Eskom is the cause of rising government debt
SA’s steeply rising debt is crowding out spending on other budget items and is a key concern raised by credit ratings agencies
Financial support for Eskom by the government is the reason behind the rising debt-to-GDP ratio, treasury director-general Dondo Mogajane told parliament’s joint finance committee on Thursday.
The national budget, which was tabled in parliament on Wednesday, allocated R23bn a year for the next three years to Eskom to assist it with servicing its debt. The support is anticipated to continue over 10 years, amounting to a total of R150bn, although this may vary depending on Eskom tariffs, electricity demand and economic growth.
A year ago, the Treasury said that SA’s debt-to-GDP ratio was projected to stabilise at 59.6% in 2023. This has now been pushed higher with debt projected to stabilise at 60.2% in 2023.
The plan to stabilise debt is an important part of the government’s pledge to fiscal consolidation. SA’s steeply rising debt is crowding out spending on other budget items and is a key concern raised by credit ratings agencies.
“If we subtract Eskom support, then the story we gave this committee a year ago makes sense. If you strip that support out, then our fiscal consolidation story has started to bear fruit. It is just unfortunate that one of the risks we envisaged has materialised. Without Eskom, our fiscal consolidation is credible,” said Mogajane.
Ratings agency Moody’s, which is only one of three agencies that rates SA government debt as investment grade, is to due to make a critical decision on its outlook for SA on March 29.
President Cyril Ramaphosa announced in his state of the nation speech that Eskom will be split into three parts dealing respectively with generation, transmission and distribution.
The Treasury’s acting head Ian Stuart said at the briefing on Thursday that the detailed work on how exactly the money allocated to Eskom will flow and how the division of assets and liabilities will be done between its three entities after the split, is still a work in progress.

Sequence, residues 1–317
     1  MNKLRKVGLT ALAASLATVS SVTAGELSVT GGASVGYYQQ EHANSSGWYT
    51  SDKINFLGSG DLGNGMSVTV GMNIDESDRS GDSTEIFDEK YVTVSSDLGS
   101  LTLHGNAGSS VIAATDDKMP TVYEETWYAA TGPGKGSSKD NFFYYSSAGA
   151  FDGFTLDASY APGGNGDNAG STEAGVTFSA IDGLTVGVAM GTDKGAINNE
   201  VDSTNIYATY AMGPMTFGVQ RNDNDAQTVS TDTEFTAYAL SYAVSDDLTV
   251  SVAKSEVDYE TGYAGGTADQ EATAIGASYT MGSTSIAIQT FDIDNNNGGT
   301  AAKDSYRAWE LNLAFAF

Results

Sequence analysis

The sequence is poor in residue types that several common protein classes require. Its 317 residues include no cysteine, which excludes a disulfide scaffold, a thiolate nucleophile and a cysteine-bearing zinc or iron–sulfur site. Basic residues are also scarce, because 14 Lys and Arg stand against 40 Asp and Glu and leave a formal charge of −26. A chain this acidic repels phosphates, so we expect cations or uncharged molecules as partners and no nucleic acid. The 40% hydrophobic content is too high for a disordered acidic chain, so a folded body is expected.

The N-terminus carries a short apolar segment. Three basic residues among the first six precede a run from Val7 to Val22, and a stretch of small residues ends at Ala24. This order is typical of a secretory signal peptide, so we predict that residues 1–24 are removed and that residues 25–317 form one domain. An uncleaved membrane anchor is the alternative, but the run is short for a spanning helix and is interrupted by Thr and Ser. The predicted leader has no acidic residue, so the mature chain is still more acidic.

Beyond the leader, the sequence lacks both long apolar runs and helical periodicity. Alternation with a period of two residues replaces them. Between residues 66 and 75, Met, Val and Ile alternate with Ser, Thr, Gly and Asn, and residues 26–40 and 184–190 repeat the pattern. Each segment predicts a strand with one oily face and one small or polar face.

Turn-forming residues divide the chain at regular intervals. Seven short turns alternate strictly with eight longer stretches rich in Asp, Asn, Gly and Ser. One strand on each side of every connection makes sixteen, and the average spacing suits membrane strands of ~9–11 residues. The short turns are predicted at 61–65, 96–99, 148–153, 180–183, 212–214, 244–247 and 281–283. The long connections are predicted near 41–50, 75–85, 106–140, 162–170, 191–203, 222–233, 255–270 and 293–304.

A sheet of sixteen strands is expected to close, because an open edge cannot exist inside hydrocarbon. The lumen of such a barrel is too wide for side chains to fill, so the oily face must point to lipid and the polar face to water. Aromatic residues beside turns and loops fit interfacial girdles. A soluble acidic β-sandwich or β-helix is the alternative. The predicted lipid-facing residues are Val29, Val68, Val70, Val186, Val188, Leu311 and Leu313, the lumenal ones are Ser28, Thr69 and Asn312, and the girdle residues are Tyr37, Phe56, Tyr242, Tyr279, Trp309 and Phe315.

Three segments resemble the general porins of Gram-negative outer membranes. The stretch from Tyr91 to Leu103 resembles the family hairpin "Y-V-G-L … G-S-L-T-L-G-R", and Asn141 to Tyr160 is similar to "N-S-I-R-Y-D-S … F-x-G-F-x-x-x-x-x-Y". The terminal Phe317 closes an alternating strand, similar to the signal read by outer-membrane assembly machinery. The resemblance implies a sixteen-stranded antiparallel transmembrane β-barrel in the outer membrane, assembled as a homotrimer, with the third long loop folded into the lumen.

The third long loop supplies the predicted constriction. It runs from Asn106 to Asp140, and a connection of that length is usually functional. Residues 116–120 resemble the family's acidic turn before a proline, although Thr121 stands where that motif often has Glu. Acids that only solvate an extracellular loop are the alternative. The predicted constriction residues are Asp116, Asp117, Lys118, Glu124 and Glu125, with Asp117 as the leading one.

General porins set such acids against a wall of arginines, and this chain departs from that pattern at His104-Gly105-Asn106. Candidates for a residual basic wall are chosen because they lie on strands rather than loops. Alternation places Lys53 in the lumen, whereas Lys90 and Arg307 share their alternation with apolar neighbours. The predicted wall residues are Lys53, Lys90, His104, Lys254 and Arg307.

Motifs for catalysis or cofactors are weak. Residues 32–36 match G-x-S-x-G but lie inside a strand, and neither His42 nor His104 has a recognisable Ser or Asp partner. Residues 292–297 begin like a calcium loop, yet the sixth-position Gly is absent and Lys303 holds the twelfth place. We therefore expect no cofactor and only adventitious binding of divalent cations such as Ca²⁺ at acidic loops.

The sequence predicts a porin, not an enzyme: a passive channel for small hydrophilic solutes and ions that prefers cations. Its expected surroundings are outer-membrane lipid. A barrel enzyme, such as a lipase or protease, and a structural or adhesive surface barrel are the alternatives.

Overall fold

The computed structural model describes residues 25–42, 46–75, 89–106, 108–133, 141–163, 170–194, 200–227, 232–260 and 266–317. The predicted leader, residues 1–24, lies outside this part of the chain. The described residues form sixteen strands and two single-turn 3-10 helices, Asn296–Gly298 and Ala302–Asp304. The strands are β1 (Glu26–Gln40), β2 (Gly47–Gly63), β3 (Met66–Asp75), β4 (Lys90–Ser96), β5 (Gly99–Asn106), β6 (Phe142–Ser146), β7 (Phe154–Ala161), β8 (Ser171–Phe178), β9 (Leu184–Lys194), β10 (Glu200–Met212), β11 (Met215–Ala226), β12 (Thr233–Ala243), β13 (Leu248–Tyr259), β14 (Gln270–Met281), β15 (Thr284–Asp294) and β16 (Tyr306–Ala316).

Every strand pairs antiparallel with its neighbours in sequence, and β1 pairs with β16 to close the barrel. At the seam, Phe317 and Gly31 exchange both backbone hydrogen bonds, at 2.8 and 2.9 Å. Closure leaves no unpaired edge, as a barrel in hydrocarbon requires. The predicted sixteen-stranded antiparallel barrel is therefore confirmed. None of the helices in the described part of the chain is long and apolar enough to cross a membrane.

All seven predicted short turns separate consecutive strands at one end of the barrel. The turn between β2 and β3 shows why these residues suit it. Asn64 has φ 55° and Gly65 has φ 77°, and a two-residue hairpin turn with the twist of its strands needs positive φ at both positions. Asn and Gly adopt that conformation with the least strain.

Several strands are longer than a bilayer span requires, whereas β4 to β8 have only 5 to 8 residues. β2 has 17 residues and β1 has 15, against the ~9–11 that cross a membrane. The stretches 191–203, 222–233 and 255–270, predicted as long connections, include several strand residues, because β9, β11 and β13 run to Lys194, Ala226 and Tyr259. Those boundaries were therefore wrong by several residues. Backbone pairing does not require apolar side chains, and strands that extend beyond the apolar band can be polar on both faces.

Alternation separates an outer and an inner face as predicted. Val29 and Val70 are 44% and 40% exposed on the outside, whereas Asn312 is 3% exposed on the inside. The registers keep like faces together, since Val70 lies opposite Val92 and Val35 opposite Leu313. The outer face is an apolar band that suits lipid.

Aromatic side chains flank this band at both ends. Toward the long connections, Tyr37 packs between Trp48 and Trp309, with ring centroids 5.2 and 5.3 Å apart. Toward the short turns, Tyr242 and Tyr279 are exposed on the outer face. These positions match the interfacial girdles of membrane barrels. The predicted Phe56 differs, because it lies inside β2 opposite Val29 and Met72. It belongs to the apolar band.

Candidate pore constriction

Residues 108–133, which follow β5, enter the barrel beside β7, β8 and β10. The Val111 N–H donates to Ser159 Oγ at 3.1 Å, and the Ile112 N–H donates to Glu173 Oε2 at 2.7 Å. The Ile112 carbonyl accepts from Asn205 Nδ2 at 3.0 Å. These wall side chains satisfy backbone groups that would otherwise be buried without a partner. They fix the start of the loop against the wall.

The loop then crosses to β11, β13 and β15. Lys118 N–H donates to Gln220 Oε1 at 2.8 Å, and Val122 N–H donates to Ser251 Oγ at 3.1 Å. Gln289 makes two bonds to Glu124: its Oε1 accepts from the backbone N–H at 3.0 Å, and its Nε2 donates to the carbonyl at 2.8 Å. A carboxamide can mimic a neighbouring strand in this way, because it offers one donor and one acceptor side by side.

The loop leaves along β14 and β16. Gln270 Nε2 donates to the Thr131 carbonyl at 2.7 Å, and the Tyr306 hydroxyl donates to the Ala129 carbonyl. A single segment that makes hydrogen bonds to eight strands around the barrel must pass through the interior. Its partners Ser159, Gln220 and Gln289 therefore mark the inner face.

But the Treasury decided that, even though the work on the financing was not complete, it was prudent to say something about it in the budget rather than nothing given the severity of the Eskom crisis.
Eskom is in deep financial distress with R419bn of debt, which it is unable to service. Financial pressures have caused it to cut maintenance on spending in half over the past four years.
Finance minister Tito Mboweni said that the objective of the split is to enable more players and more competition in the electricity generation and distribution sectors, which would be good for competition. He said that the transmission company, which is not expected to be heavily indebted after the split, will remain state owned. “The president has been very strict on this,” he said.
In comments yesterday, Mboweni said that the Public Investment Corporation (PIC) could be asked to swap debt for equity in the transmission company.
If that were to occur, said Stuart, “it would not be a situation in which the PIC would do a debt equity for assets swap, on which there is no return.”